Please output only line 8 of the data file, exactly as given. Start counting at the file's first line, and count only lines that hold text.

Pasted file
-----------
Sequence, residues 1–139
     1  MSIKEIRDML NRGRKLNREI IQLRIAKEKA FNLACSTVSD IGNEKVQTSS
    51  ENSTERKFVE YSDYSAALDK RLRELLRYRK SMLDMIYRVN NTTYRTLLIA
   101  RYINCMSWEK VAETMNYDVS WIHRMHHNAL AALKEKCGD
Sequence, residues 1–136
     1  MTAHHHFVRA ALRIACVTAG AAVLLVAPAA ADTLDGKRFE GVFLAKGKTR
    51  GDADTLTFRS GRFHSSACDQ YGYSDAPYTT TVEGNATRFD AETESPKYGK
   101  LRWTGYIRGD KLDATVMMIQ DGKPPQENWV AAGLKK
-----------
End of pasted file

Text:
   101  LRWTGYIRGD KLDATVMMIQ DGKPPQENWV AAGLKK